Beaumont native teams up with Pennsylvanian in debut studio album

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At first listen, “Let’s Get Away” is a pleasant experience with pretty melodies and perfectly blended harmonies. But it’s an album that rewards many listenings to allow the wonderful lyrics to really seep into the brain.

This is the first full studio album from Beaumont native Brian Kalinec and Pennsylvanian KJ Reimensnyder-Wagner, who shared the writing credits. And both are excellent storytellers. The tunes with folk accents are punctuated with pretty turns of phrase that accompany the listener.

The opening title song is a great driving song. After being locked up for COVID, getting away from it all is on everyone’s mind. But it’s not just a light jam on the open road. With words like “leave this angry baggage by the door” it hints at some serious nuance. But there is a solution. When “unsolicited opinions feed the rant / Don’t break the spirit / Break the chain” and go.

Probably because I’m a visual artist – and renovating a house – “Paint” was immediately obvious (let’s be honest, the songs we love change with the mood). The lyrics are a clever play on the mundane act of redecorating, with Kalinec seeking to “cover the memories” of an old love.

“I’m tired of living with that lonely shade of blue / A little paint, it might make me forget you,” he sings, before realizing that she may not have him. missed so much after all.


It’s amazing what a cool coat can cover.

On “Where are the old lovers going?” KJ finds it hard to leave a relationship behind him. Her old love is with someone else, and at first it seems like she’s wondering where he is. But she walks past his house. She knows where old love lives.

So the old lover is in the mirror and the question is where is she going now? She sings that her “love is so deep, it’s like endless snow”. And although he’s moved on, she says she wishes him luck, “but I’m honest to say it’s hell.” I love this line. It’s hard to take the high road when you’ve been injured.

“I Don’t Know”, written by Kalinec, is one of those songs that can sound trite if they don’t work, and in his hands the lyrics work well. Musically, it sounds like a song from the Avett Brothers. In fact, the whole album made me think of something else. That doesn’t mean it’s derivative. It just has that classic Americana / folk feel that’s comfortable and has broad appeal.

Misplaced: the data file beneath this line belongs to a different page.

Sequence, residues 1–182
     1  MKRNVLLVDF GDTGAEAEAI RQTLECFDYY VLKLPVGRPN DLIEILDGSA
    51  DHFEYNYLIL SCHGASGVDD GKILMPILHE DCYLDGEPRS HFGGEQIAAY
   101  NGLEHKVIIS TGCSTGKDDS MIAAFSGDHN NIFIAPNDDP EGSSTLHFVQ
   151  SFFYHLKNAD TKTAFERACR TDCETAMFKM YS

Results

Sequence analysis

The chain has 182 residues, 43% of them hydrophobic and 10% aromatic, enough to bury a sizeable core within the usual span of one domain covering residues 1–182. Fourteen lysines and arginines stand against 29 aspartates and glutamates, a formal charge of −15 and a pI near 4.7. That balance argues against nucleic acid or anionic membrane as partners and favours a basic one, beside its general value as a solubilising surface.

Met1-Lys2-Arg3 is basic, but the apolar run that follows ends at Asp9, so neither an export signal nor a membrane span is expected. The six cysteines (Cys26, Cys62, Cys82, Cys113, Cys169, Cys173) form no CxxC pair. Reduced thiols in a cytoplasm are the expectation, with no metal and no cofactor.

Next up is a travelogue, with KJ wistfully claiming that she is “at home in Scotland”. Fans of “Outlander” will relate to his atmospheric reveries on the highlands. It’s a tribute to KJ’s poetry that I had a visceral reaction to the lyrics. I could smell the cold air and imagine the fire while picturing the band in “the real music bar”. If KJ is at her home in Scotland, she does a great job inviting us over to the house.

The song that stands out is “On This Winter’s Eve,” written by KJ, a celebration of a lost friend. In order to do the song justice, I should just include all the lyrics.

It is actually a short story about love, loss, friendship, life and death. It starts with receiving a package containing “your favorite scarf”. From there he sets off on a meditation on life which should be sad but which is just too good not to bring joy.

It’s the kind of song that just makes you smile and puts your own memories on it. “And I know I’m not alone here / How good your presence is / I hear you laugh at that laugh / Oh, if only you would,” KJ sings.

But the last line is just great – “The main thing is to keep the essentials the essentials.” This line causes the back button to be pressed to listen to the song once more before continuing. And then, maybe, just one more time.

The album ends with Kalinec bringing humor with “What’s Left Over”, a rejection of consumerism in favor of the little things. This upbeat song tells us he doesn’t follow the Joneses / I don’t like the way they play / I don’t need their fancy cars / They can’t afford them anyway. Kalinec is quite comfortable with “What’s left is good enough for me / What’s left, no more is greed.”

The 10 tracks of “Let’s Get Away” are musically mouth-watering, with violins interspersed with Kalinec’s clever guitar work. The duo’s voices were made for each other. I would also plead for listening to the album to the end.

In the age of individual song streaming, there is an art of streaming an album, and Kalinec and KJ understand that each of these musical news is a great anthology.

“Let’s Get Away” is released by Berkalin Records.

Andy Coughlan is a freelance writer.


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